Creating a "DAW" for a piece of hardware

I want to preface my post by saying I am new to the software aspect of music composition. I know that what I am requesting help with is well beyond the realm of my abilities presently, and will likely take years to figure out, unless there is a simpler solution that I don’t know about, because again, I’m new to this.

Alright, let’s try to get my thoughts in order. So what I’m looking to do is create a DAW, or at least a way to visually compose electronic music in a small box with simple hardware controls. I’m not looking for something super expansive, or even to make the next big thing, on the contrary. I think that most people would scoff at my idea, as it’s really not wholly necessary…

Basically, I have some 8-bit VSTs that I like, and they have some affects, and I’d like to be able to take them wherever I go, mess about with them on trips, or on my break at work, without busting out my laptop, keyboard, charger, mouse. I really only Need like 10 tracks at the most, effects per track, no live recording, but rather putting the blocks on the piano roll (for lack of a better way of phrasing it while on sleep deprived mind). Something simple to interact with a few buttons and knobs. I’m willing to learn whatever it takes, even design my own plugins to work with it. I’m also not picky on platform, I was thinking Linux so I could run it off of a Raspberry Pi or similar if that was possible.

Ehh, I know this all might not be too coherent. Feel free to ask me more clarifying questions, and I’ll try to give an adequate response. Just any help, or pointing me in the right direction, or please tell me if this is just a dumb idea. All of it is helpful.

P.S. I have experience with putting together electronics, boards, wiring, etc. but only a minimal amount of programming. I’m currently getting started learning C++, but all the rest of my family are programmers, and I was going to enlist them to help teach me or answer questions as I went along.

Thanks in advance!

Hi Draeygo,
I think what you are trying to achieve is actually not that difficult. I’m just putting my thoughts out there for you with a little bit more concrete on the software side, since this seems to be your week spot :wink:

Firstly the good news: most of the complicated stuff is all ready shipping with JUCE. It’s called the AudioPluginHost. You can use that software to wire up your VSTs and your Ins and Outs and the signal flow will work just like that. AudioPluginHost also takes care of a lot of peripheral problems you will run into. For example:

  • Storing the Audio MIDI Device Settings. If you are looking in a no KVM solution, you are heavily relying on this functionality. Also make sure you pick hardware that actually works. In the past I’ve had some audio cards that managed to crash this function (not only in JUCE but inside MacOS itself). But any decent hardware should do.

The next step is using a hardware controller to modify the AudioProcessorParameter inside the AudioProcessor. I suggest you use a Mackie compatible controller as hardware. It works via MIDI and is therefore easy to integrate into AudioPluginHost. You can use this software GitHub - tony-had/mackie-control-monitor: A desktop application that decodes incoming Mackie Control messages to get an understanding how and what your selected hardware is sending.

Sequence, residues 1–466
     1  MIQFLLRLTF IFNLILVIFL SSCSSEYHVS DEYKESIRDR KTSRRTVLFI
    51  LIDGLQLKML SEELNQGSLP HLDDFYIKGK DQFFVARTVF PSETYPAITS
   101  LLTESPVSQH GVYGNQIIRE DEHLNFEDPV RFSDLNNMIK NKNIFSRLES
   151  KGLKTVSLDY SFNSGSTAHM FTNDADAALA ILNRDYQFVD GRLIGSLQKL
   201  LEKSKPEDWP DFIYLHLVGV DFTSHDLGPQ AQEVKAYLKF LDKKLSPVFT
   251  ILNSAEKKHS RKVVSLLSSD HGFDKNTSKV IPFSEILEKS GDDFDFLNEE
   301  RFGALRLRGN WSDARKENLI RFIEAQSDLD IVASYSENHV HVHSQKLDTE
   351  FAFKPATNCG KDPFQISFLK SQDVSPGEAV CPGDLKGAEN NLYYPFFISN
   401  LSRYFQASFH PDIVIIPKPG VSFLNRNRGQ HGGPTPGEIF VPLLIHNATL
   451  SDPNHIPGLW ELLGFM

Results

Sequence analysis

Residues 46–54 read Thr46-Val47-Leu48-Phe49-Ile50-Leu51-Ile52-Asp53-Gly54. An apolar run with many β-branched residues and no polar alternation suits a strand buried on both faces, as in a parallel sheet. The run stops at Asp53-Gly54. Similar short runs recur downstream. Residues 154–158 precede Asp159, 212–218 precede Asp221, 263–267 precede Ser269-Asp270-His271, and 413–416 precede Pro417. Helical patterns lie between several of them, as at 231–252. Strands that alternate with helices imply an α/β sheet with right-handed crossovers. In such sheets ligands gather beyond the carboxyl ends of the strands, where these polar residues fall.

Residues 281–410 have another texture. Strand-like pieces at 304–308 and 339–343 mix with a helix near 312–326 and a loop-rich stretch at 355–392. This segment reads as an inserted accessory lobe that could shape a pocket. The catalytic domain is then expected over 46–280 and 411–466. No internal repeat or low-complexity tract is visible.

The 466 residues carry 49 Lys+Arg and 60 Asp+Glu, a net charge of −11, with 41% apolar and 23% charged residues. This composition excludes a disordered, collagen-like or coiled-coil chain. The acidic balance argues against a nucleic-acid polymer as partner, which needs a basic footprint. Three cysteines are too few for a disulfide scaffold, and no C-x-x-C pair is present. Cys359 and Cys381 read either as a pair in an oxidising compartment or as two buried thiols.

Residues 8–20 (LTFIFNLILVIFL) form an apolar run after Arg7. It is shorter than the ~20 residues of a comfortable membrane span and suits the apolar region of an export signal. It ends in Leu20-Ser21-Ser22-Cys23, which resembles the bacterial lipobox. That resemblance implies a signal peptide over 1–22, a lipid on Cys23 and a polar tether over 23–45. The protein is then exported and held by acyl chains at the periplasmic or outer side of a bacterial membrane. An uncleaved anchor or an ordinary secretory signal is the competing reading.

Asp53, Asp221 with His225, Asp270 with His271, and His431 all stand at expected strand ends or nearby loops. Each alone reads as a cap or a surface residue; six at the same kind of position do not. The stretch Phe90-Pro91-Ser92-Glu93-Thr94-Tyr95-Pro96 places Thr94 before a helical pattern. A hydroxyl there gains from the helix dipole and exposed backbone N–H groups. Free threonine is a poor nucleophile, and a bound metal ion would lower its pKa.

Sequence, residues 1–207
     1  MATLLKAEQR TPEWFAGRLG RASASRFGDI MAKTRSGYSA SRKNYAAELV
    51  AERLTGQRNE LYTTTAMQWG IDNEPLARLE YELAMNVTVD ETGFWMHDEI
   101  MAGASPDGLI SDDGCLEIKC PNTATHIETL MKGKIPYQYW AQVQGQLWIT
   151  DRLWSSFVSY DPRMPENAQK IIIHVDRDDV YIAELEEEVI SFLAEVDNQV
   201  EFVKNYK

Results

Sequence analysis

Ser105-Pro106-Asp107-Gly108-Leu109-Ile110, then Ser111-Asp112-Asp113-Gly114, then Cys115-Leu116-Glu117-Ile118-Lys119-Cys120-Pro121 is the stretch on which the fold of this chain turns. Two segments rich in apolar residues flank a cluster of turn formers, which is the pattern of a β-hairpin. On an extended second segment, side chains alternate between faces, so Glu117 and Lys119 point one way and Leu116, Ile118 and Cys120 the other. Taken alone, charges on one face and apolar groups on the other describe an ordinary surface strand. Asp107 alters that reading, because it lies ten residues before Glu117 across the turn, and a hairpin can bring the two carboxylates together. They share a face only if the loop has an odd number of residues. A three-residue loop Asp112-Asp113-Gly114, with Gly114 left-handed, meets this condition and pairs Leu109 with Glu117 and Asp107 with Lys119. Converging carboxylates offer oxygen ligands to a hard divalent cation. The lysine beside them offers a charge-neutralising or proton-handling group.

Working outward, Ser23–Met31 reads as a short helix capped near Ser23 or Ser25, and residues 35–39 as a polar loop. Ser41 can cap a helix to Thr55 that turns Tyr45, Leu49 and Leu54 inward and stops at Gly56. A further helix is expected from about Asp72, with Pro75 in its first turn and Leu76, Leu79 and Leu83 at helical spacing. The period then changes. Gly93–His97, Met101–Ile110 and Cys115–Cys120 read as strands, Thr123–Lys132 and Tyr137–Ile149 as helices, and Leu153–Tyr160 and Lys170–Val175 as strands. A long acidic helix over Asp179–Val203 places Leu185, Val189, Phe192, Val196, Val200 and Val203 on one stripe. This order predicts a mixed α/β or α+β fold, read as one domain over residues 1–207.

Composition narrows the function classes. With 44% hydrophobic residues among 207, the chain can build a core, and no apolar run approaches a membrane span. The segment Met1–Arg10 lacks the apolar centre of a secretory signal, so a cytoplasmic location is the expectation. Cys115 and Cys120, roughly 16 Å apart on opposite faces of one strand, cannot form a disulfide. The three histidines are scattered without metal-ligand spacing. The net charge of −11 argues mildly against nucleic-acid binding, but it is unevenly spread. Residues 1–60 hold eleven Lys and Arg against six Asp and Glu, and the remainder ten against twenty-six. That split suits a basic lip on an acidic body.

As a controller I suggest just buying a cheap one at first and check if you can achieve anything with it. If it doesn’t work, you won’t be down a hole lot of money on that part.

The “complicated” programming part would be to convert the MIDI input (from the DAW controller) and set them into the VST plugins. For you, I highly recommend hard-coding that. Find the correct entry point for the MIDI buffer inside AudioPluginHost, check midi channel, noteNr, ctrVal etc. and by that set a specific parameter of a specific processor to the value you’d like it to be.
You don’t have to worry about all the multi threading issues because audio parameters are designed to be accessed by any threads. You also “shouldn’t” have to worry about being in sync with any edits to the audio graph as long as you are not modifying that while pushing the MIDI control (which you don’t). Just write a comment there so you’ll remember in 10 years, when you look at the code again ;). Depending on your exact use case you also don’t have to worry about performance. If you get into a venue push the controls and don’t touch them at all during the performance, you will get away without worrying at all. But if you are not doing something completely crazy in your MIDI callback, you’ll be good anyway with the performance. This is of course all a bit “quick and dirty” but that’s totally ok for one that only starts with programming and not looking to design a commercial product. Focus on getting it to work first and that look over it and figure out what you can (or have to) optimise.
Your additional code will most likely relatively short, so you can ask in this forum again when you have a working example and figure out what the bottle necks will be. It’s very tricky to know this stuff as a beginner. But knowing about the problems is half the way – and having an awareness about what you just programmed.

I hope I was able to provide a good perspective what you’d have to do :slight_smile:

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I guess it’s a lot easier. There is a open source solution for this called lmn3.

Look at this. There is a github repository that contains building instructions for the hardware. And source code of the DAW which is written in juce with the tracktion engine.